The pursuit of happiness is so important, America's founding fathers put it in the Declaration of Independence. Any zookeeper will tell you animals need enrichment, just like humans do. So painting, and even music, are part of the Smithsonian National Zoo's program to keep the animals happy. VOA’s June Soh met some animal artists at the zoo in Washington. Faith Lapidus narrates.
Video

Video Zoo Animals Show Their Artistic Sides

The pursuit of happiness is so important, America's founding fathers put it in the Declaration of Independence. Any zookeeper will tell you animals need enrichment, just like humans do. So painting, and even music, are part of the Smithsonian National Zoo's program to keep the animals happy. VOA’s June Soh met some animal artists at the zoo in Washington. Faith Lapidus narrates.
Video

Video Progress, Some Areas of Disagreement in Cuba Talks

U.S. and Cuban officials are reporting progress from initial talks in Havana on re-establishing diplomatic ties. U.S. Assistant Secretary of State (for Western Hemisphere Affairs) Roberta Jacobson said while there was agreement on a broad range of issues, there also are some “profound disagreements” between Washington and Havana. VOA State Department correspondent Pam Dockins has the story.
Video

Video Worldwide Photo Workshops Empower Youth

Last September, 20 young adults from South Sudan took part in a National Geographic Photo Camp. They are among hundreds of students from around the world who have learned how to use a camera to tell the stories of the people in their communities through the powerful medium of photography. Three camp participants talked about their experiences recently on a visit to Washington. VOA’s Julie Taboh reports.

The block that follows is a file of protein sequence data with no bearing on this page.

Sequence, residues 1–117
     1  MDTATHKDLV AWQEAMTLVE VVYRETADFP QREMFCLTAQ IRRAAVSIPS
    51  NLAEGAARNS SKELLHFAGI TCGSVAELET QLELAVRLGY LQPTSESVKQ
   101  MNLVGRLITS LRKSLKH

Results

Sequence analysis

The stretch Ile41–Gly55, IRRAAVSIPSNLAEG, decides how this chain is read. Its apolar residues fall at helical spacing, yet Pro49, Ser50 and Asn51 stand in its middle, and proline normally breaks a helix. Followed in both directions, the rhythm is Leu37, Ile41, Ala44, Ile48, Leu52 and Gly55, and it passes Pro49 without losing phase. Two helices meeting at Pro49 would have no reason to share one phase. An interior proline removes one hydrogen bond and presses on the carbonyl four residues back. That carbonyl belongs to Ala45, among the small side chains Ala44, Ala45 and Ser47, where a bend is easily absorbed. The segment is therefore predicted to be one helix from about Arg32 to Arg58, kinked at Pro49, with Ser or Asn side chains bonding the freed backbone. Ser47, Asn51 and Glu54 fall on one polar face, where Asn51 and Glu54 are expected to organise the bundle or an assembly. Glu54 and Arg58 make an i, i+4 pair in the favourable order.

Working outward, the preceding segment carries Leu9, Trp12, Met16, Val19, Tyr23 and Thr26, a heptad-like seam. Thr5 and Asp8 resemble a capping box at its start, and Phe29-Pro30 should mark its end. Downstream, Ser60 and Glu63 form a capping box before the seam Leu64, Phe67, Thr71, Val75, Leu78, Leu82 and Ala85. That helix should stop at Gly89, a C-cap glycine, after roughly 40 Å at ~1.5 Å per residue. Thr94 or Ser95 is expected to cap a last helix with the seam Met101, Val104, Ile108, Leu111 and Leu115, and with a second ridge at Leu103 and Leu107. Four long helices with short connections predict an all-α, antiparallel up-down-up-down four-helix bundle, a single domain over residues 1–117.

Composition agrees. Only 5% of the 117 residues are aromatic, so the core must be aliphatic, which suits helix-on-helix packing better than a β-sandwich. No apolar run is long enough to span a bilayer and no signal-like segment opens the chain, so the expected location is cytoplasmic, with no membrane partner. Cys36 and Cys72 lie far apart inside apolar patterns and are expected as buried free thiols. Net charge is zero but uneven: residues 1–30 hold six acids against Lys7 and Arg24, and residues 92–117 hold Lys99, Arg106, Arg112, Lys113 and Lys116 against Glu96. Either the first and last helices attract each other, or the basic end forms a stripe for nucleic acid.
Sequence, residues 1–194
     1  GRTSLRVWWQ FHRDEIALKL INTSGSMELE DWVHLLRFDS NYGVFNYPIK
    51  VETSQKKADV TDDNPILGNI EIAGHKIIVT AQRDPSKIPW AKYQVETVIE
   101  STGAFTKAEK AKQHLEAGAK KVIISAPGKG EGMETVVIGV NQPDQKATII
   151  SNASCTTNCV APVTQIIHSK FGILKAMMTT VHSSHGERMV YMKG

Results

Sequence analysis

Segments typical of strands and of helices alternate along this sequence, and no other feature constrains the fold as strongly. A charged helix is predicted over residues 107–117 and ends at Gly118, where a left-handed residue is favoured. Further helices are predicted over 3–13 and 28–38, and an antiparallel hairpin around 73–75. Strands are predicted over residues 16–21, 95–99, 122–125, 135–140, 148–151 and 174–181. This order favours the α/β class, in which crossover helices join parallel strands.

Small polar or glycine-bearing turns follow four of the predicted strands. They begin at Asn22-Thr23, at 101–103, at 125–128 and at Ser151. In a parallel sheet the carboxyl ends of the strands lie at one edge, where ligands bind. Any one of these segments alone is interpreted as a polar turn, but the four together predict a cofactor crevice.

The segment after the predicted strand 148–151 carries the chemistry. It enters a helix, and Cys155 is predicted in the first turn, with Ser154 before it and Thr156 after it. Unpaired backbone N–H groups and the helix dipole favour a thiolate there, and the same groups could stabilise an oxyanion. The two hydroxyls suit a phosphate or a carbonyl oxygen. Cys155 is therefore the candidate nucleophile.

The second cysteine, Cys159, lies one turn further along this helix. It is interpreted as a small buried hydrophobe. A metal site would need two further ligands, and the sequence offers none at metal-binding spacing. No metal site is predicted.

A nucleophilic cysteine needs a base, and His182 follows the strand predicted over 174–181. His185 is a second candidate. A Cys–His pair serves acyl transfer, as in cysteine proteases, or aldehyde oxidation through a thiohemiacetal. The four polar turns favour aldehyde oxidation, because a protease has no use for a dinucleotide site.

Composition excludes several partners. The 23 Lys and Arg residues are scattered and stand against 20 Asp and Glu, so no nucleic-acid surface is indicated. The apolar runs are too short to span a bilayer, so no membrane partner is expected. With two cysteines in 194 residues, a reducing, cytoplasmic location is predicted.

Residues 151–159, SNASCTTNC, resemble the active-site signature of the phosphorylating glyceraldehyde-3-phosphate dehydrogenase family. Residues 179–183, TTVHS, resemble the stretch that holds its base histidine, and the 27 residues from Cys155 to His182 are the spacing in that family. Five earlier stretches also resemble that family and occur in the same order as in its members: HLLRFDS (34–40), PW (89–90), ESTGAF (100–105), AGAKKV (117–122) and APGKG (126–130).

Video

Video US, Japan Offer Lessons as Eurozone Launches Huge Stimulus

The Euro currency has fallen sharply after the European Central Bank announced a bigger-than-expected $67 billion-a-month quantitative easing program Thursday - commonly seen as a form of printing new money. Henry Ridgwell reports for VOA from London on whether the move might rescue the eurozone economy -- and what lessons have been learned from similar programs around the world.
Video

Video Nigerian Elections Pose Concern of Potential Conflict in 'Middle Belt'

Nigeria’s north-central state of Kaduna has long been the site of fighting between Muslims and Christians as well as between people of different ethnic groups. As the February elections approach, community and religious leaders are making plans they hope will keep the streets calm after results are announced. Chris Stein reports from the state capital, Kaduna.
Video

Video As Viewership Drops, Obama Puts His Message on YouTube

Ratings reports show President Obama’s State of the Union address this week drew the lowest number of viewers for this annual speech in 15 years. White House officials anticipated this, and the president has decided to take a non-traditional approach to getting his message out. VOA White House correspondent Luis Ramirez reports.
Video

Video S. Korean Businesses Want to End Trade Restrictions With North

Business leaders in South Korea are calling for President Park Geun-hye to ease trade restrictions with North Korea that were put in place in 2010 after the sinking of a South Korean warship.Pro-business groups argue that expanding trade and investment is not only good for business, it is also good for long-term regional peace and security. VOA’s Brian Padden reports.
Video

Video US Marching Bands Grow Into a Show of Their Own

The 2014 Super Bowl halftime show was the most-watched in history - attracting an estimated 115 million viewers. That event featured pop star Bruno Mars. But the halftime show tradition started with marching bands, which still dominate the entertainment at U.S. high school and college American football games. But as Enming Liu reports in this story narrated by Adrianna Zhang, marching bands have grown into a show of their own.

Circumventing Censorship

An Internet Primer for Healthy Web Habits

As surveillance and censoring technologies advance, so, too, do new tools for your computer or mobile device that help protect your privacy and break through Internet censorship.
More

All About America

AppleAndroid